Is Boris Johnson right to claim he could force through a no-deal Brexit?

Johnson’s argument is that, yes, parliament could prevent no deal, but in reality, wouldn’t have a majority to do so. 

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John Bercow has made what might be the most important intervention in the Conservative leadership race, saying that it is “simply unimaginable” that a no-deal exit could take place without parliament’s express permission.

That matters because the argument being made by various candidates, ranging from newly announced candidate James Cleverly through to Jeremy Hunt, is that whether or not Conservatives want no deal, parliament won’t let them, and to pursue it means going back to the country with Brexit unresolved.

Tory MPs don’t want an early election, particularly without having resolved Brexit, because they might well lose it, resulting in a Corbyn-led government – or even if the result is some kind of Conservative-led coalition there is no guarantee that every sitting MP will make it back.

This is a problem for the various no-deal candidates, whether they be the current frontrunner, Boris Johnson, who has vowed to take the United Kingdom out of the European Union on 31 October, with or without a deal, Dominic Raab, who is making essentially the same argument, and Esther McVey, who has gone one further, saying that the only way to honour the referendum result is to go for a no-deal exit.

The argument that Dominic Raab is making, both in public and in conversations with MPs, rests on an Institute for Government blog saying that it is “near impossible” for MPs to prevent a no-deal exit if the executive is sufficiently determined. But that IFG blog contains an important caveat – it is near impossible unless the Speaker of the House is willing to bend convention. And of course, Bercow regards his role as to frustrate the executive and to facilitate the will of the elected House and will find some method to allow MPs to express their will.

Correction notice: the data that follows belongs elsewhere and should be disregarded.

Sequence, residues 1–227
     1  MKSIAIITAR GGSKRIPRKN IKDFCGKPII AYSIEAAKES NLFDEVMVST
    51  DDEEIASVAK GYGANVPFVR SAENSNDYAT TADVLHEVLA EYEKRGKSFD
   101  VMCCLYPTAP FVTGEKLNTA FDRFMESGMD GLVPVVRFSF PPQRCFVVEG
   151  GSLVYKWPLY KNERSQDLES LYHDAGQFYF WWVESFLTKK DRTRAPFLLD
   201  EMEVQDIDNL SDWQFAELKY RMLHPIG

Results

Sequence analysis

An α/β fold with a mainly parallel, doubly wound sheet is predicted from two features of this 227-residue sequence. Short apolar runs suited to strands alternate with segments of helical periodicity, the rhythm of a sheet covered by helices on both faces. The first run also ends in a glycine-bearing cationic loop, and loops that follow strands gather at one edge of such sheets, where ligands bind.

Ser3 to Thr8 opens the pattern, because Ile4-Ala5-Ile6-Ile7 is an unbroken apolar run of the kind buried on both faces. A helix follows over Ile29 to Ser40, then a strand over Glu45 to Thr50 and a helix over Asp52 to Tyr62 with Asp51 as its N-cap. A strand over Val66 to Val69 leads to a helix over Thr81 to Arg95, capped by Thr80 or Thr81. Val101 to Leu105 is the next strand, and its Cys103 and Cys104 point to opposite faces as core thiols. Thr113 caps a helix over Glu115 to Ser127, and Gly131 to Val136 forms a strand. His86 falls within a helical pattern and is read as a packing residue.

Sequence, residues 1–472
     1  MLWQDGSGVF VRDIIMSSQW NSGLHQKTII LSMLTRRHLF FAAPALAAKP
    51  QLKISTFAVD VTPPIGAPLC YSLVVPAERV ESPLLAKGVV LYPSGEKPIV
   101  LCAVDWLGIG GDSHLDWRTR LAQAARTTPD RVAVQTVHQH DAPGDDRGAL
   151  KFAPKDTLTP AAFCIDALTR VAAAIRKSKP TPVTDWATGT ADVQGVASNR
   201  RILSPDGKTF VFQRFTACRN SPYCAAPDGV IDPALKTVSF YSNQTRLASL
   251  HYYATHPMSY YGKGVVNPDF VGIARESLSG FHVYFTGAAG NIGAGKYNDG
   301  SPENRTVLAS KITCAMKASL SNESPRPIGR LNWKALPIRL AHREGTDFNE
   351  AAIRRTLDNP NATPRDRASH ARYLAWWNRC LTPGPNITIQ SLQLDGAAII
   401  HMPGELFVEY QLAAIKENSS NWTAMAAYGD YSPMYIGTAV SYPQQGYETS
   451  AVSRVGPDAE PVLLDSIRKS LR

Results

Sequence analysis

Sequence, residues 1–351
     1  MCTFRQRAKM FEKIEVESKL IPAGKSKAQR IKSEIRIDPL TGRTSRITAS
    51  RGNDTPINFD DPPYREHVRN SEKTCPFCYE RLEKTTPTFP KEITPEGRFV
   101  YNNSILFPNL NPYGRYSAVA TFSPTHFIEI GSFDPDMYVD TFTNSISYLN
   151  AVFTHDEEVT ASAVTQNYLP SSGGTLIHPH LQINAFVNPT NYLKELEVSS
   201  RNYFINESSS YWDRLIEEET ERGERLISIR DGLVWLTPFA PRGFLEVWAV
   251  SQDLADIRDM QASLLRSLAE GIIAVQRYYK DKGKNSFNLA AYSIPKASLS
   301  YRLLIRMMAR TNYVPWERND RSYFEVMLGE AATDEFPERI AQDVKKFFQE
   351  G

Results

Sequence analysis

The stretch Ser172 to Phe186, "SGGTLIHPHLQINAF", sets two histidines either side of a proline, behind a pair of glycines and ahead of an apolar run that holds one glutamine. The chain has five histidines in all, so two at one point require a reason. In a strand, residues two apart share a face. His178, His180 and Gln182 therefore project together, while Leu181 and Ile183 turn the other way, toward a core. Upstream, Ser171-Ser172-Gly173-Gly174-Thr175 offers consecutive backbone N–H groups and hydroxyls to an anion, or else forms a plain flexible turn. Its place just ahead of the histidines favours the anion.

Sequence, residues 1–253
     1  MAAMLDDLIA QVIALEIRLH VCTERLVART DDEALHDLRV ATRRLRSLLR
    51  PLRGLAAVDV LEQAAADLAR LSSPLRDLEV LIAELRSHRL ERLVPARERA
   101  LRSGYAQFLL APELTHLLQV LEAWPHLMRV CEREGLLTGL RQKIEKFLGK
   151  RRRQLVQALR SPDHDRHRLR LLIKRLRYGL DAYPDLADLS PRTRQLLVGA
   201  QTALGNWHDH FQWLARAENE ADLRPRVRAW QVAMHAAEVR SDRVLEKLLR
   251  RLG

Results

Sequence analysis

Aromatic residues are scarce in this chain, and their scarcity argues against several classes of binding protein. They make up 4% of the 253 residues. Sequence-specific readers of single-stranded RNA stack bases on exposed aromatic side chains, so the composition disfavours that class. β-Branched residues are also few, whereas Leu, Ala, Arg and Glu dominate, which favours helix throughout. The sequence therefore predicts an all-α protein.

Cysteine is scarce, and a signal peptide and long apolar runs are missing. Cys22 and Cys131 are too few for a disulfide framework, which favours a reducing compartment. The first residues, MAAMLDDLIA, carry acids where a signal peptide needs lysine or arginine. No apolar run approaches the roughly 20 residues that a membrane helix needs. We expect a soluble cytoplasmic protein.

While, in public, the various challengers will join in the two minutes hate for the Speaker, what they will say to their fellow Conservative MPs is that it shows that, thanks to the hung parliament and the unorthodox Speaker, there is no route to a no-deal Brexit this side of an election, and that an election while Brexit is unresolved is the death of the Conservative party.

But Johnson’s argument is a little more complex. He is saying that, yes, parliament can prevent no deal, but in reality, there is no majority for anything radical enough to do so. Yvette Cooper’s bill to delay the reckoning barely passed by the skin of its teeth and MPs have shown they won’t go further, particularly as many Labour MPs will be spooked by the success of the Brexit Party in their patches.

Is he right? Well, what matters at the moment is that his argument has the ring of plausibility that Raab’s lacks, at least as far as Conservative MPs are concerned. But we can begin to see how, if his opponents play their cards right, the argument that Johnson means another election with the UK still in the EU might yet bring the runaway favourite back down to earth.

Stephen Bush is political editor of the New Statesman. His daily briefing, Morning Call, provides a quick and essential guide to domestic and global politics.

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